Retail is undergoing an unprecedented level of disruption.
The COVID-19 pandemic and the increasing popularity of e-commerce is changing retail as we know it. New generation brands exist purely online to cater to a growing demographic that shop exclusively on the web. Shopping for groceries in brick-and-mortar stores is now seen as a rare occasion, or oftentimes unnecessary for many. As a result, retailers must now only amend their operational models, but compete with new competitors in the market.
Long gone are the days when incrementalism strategies can support brands. In addition, product relevance has changed to such a degree that small online businesses have completely upended the economics of an entire market. As a result, international chains can no longer compete with online shops that now sell, show and provide consumers with more efficient return policies.
A Solemn Forecast for the Traditional Retail Industry
In the past two years, we have seen household name brands rise and fall as a result of their abilities to adopt to new consumer trends. Fallen giants, like Topshop and other names within the Arcadia empire, are cautionary tales for other brands that forego having an online platform. Their inability to provide friction-free and customer-focused strategies resulted in their downfall. According to retail strategist Michael Hewson of CMC Market, Arcadia’s ‘underinvestment in digital’ directly contributed to its failings:
‘The chain of iconic brands, which have been a staple of the UK high street for decades, has been in difficulties for some time now […] The lack of coherent strategy to deal with changing consumer behaviour, and the move to online shopping, has seen the business struggle’
According to a McKinsey report, retail players who silo their operations, supply chain and merchandising to traditional methods will buckle under future customer pressures.
‘Many brick-and-mortar stores are struggling. In part, that’s due to the rise of e-commerce […], which accounts for more than 40% of retail sales growth. Additionally, younger shoppers favour e-shopping: 42% of millennials say they prefer the online retail experience and avoid stores altogether when they can. Heightened customer expectations, massive advancements in technology and the rise of omnichannel commerce will reshape the entire world of retail’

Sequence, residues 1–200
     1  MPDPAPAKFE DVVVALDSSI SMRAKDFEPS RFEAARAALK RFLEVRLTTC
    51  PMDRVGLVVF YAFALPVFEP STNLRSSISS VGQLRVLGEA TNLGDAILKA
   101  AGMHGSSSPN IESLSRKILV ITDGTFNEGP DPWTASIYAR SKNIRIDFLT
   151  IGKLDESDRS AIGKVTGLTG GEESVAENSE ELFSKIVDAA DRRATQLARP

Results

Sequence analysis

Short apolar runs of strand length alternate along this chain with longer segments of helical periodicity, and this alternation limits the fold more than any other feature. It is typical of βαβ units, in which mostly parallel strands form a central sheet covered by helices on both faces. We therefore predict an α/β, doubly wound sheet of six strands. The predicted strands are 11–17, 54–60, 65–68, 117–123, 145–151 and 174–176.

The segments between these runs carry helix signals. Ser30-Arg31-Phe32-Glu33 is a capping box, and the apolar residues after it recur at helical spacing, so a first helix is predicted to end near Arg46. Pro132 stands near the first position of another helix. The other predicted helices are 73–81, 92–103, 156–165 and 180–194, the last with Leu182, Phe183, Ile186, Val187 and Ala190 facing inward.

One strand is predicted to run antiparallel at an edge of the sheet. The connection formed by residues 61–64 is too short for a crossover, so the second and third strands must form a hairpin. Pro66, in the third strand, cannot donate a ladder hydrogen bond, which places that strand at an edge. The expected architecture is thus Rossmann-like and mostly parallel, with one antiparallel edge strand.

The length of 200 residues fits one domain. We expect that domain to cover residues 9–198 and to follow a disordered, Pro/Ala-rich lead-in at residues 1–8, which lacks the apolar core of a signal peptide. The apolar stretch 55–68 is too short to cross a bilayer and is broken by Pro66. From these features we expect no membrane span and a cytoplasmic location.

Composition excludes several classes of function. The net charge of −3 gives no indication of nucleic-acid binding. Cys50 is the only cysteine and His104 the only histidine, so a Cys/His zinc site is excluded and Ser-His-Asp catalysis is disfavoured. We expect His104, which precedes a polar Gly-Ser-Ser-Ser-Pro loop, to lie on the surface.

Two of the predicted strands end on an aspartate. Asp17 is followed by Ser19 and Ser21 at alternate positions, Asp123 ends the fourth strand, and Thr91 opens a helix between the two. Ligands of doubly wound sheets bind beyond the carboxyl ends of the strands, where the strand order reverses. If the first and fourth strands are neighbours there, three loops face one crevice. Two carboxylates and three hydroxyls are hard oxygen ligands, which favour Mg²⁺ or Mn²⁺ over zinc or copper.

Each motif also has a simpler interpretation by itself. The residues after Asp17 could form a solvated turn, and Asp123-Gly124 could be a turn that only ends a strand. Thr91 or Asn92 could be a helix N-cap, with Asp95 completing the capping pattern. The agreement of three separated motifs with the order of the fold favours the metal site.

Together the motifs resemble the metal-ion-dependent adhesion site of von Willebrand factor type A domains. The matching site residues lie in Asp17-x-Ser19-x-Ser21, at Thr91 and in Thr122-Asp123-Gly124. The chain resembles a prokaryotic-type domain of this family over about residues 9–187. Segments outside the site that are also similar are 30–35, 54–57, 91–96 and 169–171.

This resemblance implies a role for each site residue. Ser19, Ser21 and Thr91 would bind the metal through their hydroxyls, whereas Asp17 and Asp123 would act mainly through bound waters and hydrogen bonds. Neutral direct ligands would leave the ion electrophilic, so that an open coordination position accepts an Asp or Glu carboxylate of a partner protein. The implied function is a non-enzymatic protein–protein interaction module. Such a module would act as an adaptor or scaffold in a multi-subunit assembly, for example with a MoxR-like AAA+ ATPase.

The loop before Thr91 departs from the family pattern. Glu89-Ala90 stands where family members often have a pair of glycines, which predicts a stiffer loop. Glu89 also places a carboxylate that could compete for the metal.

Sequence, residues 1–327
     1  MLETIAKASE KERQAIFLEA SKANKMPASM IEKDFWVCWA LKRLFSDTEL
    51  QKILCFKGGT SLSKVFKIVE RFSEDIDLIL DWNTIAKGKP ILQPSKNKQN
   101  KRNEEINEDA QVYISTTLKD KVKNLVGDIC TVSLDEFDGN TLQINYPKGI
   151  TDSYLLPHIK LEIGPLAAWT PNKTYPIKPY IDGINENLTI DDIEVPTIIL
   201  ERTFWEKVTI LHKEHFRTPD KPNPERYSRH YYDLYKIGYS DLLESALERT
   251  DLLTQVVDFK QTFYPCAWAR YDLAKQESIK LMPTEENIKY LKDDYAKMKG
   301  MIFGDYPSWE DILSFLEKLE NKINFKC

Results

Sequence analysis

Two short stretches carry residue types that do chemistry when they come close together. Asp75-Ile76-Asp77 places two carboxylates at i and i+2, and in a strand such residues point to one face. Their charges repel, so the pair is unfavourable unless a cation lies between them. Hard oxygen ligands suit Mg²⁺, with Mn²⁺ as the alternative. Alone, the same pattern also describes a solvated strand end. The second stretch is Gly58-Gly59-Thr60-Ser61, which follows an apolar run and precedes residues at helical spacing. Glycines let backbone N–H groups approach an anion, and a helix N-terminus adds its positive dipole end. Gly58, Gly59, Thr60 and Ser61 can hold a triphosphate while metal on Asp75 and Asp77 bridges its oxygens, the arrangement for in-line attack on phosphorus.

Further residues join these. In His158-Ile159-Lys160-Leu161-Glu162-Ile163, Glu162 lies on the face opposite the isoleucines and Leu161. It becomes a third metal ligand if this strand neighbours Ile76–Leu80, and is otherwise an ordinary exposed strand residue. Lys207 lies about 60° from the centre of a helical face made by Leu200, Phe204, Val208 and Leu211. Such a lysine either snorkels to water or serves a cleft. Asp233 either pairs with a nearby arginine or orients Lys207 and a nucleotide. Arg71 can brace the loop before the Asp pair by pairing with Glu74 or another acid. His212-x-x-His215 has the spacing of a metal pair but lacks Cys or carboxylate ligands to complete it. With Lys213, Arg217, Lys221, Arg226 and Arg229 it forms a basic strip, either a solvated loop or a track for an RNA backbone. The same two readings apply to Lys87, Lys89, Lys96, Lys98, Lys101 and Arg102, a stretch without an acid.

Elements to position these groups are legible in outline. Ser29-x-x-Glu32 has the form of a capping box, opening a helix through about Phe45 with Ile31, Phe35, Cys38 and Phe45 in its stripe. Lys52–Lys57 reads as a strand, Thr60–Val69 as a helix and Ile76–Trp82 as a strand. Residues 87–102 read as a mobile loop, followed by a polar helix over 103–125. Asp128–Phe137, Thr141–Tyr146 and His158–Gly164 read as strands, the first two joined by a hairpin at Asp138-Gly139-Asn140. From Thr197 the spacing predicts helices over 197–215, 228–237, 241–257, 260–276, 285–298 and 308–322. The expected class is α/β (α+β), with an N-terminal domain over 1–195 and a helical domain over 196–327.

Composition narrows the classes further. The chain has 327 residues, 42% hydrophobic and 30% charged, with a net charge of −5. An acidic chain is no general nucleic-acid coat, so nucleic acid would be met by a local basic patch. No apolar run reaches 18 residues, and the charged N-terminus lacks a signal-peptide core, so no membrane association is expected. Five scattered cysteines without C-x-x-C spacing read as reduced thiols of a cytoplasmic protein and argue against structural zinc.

What can Retailers Do to Keep Up?
To survive, a significant portion of consumer retailers have taken on digital strategies to support their customer interactions. Specifically, they have invested in personalisation engines to enhance their deliverables.
Experts and consultancies alike believe personalisation will be the prime driver of success for retailers. Advances in technology, data and analytics now enable retailers to create more personal and human experiences across all buying channels.
The next level of retail personalisation is projected to predict customer needs through Big Data. Additionally, more advanced Machine Learning (ML) and Augmented Reality (AR) features will help customers experience products and services in different environments. The heightened use of ML will help retailers to anticipate customers’ reactions and emotional cues to certain products and services:
‘More sophisticated algorithms are allowing programs to interpret new kinds of data (visual, auditory) and extrapolate emotions much more effectively than in the past. […] In time, these advances could help retailers communicate with customers in a way that’s tied to specific moods, offering specifically curated promotions for all products that match that mood’